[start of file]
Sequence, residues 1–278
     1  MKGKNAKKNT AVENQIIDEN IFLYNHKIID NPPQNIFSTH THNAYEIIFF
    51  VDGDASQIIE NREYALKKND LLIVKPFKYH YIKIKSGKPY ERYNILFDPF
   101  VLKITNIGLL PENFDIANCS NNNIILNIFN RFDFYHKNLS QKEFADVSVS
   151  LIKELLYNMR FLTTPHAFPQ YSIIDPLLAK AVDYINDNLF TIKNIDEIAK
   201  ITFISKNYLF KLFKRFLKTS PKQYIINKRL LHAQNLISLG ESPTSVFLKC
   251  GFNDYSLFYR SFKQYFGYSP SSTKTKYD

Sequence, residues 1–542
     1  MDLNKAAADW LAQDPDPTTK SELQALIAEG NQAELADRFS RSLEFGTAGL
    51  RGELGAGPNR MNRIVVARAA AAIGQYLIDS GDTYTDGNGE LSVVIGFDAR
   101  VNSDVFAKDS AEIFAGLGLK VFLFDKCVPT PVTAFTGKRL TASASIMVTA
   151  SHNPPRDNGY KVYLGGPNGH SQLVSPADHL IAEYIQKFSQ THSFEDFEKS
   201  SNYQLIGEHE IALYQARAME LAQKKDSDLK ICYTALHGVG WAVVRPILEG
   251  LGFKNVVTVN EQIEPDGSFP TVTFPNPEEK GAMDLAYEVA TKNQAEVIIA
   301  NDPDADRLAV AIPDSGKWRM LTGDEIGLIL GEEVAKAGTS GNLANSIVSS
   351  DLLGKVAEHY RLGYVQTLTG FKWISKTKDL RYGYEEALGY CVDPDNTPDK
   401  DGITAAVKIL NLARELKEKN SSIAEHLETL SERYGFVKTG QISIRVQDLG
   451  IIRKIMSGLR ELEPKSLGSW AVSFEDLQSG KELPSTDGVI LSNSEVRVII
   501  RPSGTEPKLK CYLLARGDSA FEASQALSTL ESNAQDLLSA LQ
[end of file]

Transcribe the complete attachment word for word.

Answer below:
Sequence, residues 1–278
     1  MKGKNAKKNT AVENQIIDEN IFLYNHKIID NPPQNIFSTH THNAYEIIFF
    51  VDGDASQIIE NREYALKKND LLIVKPFKYH YIKIKSGKPY ERYNILFDPF
   101  VLKITNIGLL PENFDIANCS NNNIILNIFN RFDFYHKNLS QKEFADVSVS
   151  LIKELLYNMR FLTTPHAFPQ YSIIDPLLAK AVDYINDNLF TIKNIDEIAK
   201  ITFISKNYLF KLFKRFLKTS PKQYIINKRL LHAQNLISLG ESPTSVFLKC
   251  GFNDYSLFYR SFKQYFGYSP SSTKTKYD

Sequence, residues 1–542
     1  MDLNKAAADW LAQDPDPTTK SELQALIAEG NQAELADRFS RSLEFGTAGL
    51  RGELGAGPNR MNRIVVARAA AAIGQYLIDS GDTYTDGNGE LSVVIGFDAR
   101  VNSDVFAKDS AEIFAGLGLK VFLFDKCVPT PVTAFTGKRL TASASIMVTA
   151  SHNPPRDNGY KVYLGGPNGH SQLVSPADHL IAEYIQKFSQ THSFEDFEKS
   201  SNYQLIGEHE IALYQARAME LAQKKDSDLK ICYTALHGVG WAVVRPILEG
   251  LGFKNVVTVN EQIEPDGSFP TVTFPNPEEK GAMDLAYEVA TKNQAEVIIA
   301  NDPDADRLAV AIPDSGKWRM LTGDEIGLIL GEEVAKAGTS GNLANSIVSS
   351  DLLGKVAEHY RLGYVQTLTG FKWISKTKDL RYGYEEALGY CVDPDNTPDK
   401  DGITAAVKIL NLARELKEKN SSIAEHLETL SERYGFVKTG QISIRVQDLG
   451  IIRKIMSGLR ELEPKSLGSW AVSFEDLQSG KELPSTDGVI LSNSEVRVII
   501  RPSGTEPKLK CYLLARGDSA FEASQALSTL ESNAQDLLSA LQ